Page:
Maintaining Muscle Mass In A Calorie Deficit

We’ve all heard that weight loss is a simple formula. That formula is:

Calories consumed < calories burned = weight loss

Pretty straightforward, right? All you have to do is make sure you are burning more calories per day than you eat (also known as a calorie deficit), and you’re on the path to weight loss.

The problem is that your body has only two ways to combat a calorie deficit:

  1. (And this is what you REALLY want) It taps into stored fat as an energy source, activating inert fatty acids to burn for fuel.
  2. It taps into muscle mass and the energy stored therein for fuel.

Guess which one is more likely to happen. You got it: your body will ALWAYS break down muscle before it breaks down fat.

You see, your body’s fat-storing mechanism is similar to the way squirrels store nuts for winter. Your body is preparing for the inevitable “starvation periods” (calorie deficits) by storing fat, which it will access if you ever find yourself desperate for food. The problem is that in our modern society with its unlimited access to food, your body will never be that desperate.

Stored fat is your “last-ditch resource”, the one your body only taps into when it has no other choice. Muscular energy, on the other hand, is a much more dynamic, changing energy source. Your muscles burn that energy every time they contract, and it has to be replaced in order for your muscles to keep working.

But in a caloric deficit, your body has to choose where to pull energy from. Obviously it’s going to take the long-term view, and thus it keeps the fat stores and taps into muscle mass. Over the course of weeks or months  of a caloric deficit, you can lose a lot of muscle mass.

UNLESS, of course, you do the following:

1. Exercise

Your body distributes energy according to the organs and internal functions that are most important (brain, heart, liver, digestive system, etc.). But if your muscles are always working, it has to use available energy to replenish the energy burned up during muscle contractions. Thus, keeping your muscles active in a calorie deficit will reduce the risk of muscle mass breakdown.

What does this mean? Simple: lift weights!

Weightlifting and resistance training keep your body focused on repairing the muscle tissue damaged by the heavy lifting (a good thing!). After all, if you’re using your muscles every day, you signal to your body that it needs to keep sending energy to those muscles. The body can’t break down and build at the same time. Daily resistance training will prevent muscle mass breakdown even in a caloric deficit.

Exercise also activates stored fatty acids, providing your body an alternative energy source (the RIGHT one). By exercising, you protect your muscle muss and encourage the activation/burning of fat cells.

2. Eat More Protein

Remember how the body “can’t break down and build at the same time”? If you give your body the amino acids needed to build muscle, it will be in an anabolic (growth) state. When it comes time to break down tissues for energy, your body will be forced to look elsewhere. With less than sufficient energy in your bloodstream and liver, there is no choice but to activate stored fatty acids.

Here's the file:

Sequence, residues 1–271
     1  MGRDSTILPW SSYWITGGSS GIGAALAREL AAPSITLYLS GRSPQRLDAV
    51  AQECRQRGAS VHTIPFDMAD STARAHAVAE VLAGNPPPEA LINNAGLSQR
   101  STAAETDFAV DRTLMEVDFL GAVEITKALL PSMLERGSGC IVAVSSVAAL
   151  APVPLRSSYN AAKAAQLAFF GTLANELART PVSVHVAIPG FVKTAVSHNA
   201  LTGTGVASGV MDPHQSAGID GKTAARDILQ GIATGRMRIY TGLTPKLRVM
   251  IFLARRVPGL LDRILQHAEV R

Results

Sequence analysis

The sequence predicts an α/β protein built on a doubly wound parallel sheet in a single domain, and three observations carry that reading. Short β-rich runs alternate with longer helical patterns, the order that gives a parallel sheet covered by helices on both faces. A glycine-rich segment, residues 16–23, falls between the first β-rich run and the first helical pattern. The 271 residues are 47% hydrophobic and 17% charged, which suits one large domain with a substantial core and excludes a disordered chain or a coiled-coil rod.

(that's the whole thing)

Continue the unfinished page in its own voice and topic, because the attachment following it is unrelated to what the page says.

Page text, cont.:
A high-protein diet can help to prevent muscle mass breakdown, and you can still cut calories to encourage fat-burning.

3. Eat More Fat 

 This may sound counter-intuitive. After all, eating MORE fat should make it harder for your body to burn fat, right?

Well, let me explain: the average American has a very high-carb diet. Over time, we’ve trained our bodies to burn primarily carbs for energy instead of fat. The body adapts to its environment, the exercise we do, and the food we feed it. If you feed it high-fat foods, it will adapt to burn fat more easily.

But this better fat-burning isn’t restricted to only the fat you consume in your daily diet. As you increase your body’s fat metabolism, you’ll make it more efficient at burning the fat cells it activates for energy. It will be able to turn that stored fat into a form of energy your body can use more easily. Over time, thanks to your high-protein calorie deficit diet, you’ll burn through the fat stores.

This, of course, only works if you’re depriving your body of its primary energy source: carbohydrates. This is where the next point comes into play…

4. Eat the Right Carbs

The “right” carbs mean any carbohydrates that are loaded with dietary fiber: fruits, whole grains, seeds, nuts, legumes. The dietary fiber slows down the absorption rate of the carbs, providing a slow, steady burn of energy. These carbs will give your body the energy needed for short-term exercise and activity. Once it runs out, it will turn to the fat you’ve eaten and absorbed, then the stored fat it has activated.

The key to weight loss success—which really means FAT loss—is to cut back on the amount of carbohydrates you eat and increase the amount of fats you eat. By reducing your carb intake, you put your body into a fat-burning state. But keeping SOME carbs (the right ones) in your diet ensures that you have the energy required for high-intensity activity.

And that’s it! A calorie deficit can be the most effective long-term solution to weight loss. By following the four guidelines listed above, you will be able to promote better fat burning without losing muscle mass. In fact, thanks to the exercise and high protein intake, you’ll actually INCREASE muscle mass while DECREASING fat mass—a total win-win!


Related Post: 1000 Calorie Diet Plan: Is It Worth It?


Maintaining Muscle Mass In A Calorie Deficit

Athletes Insight™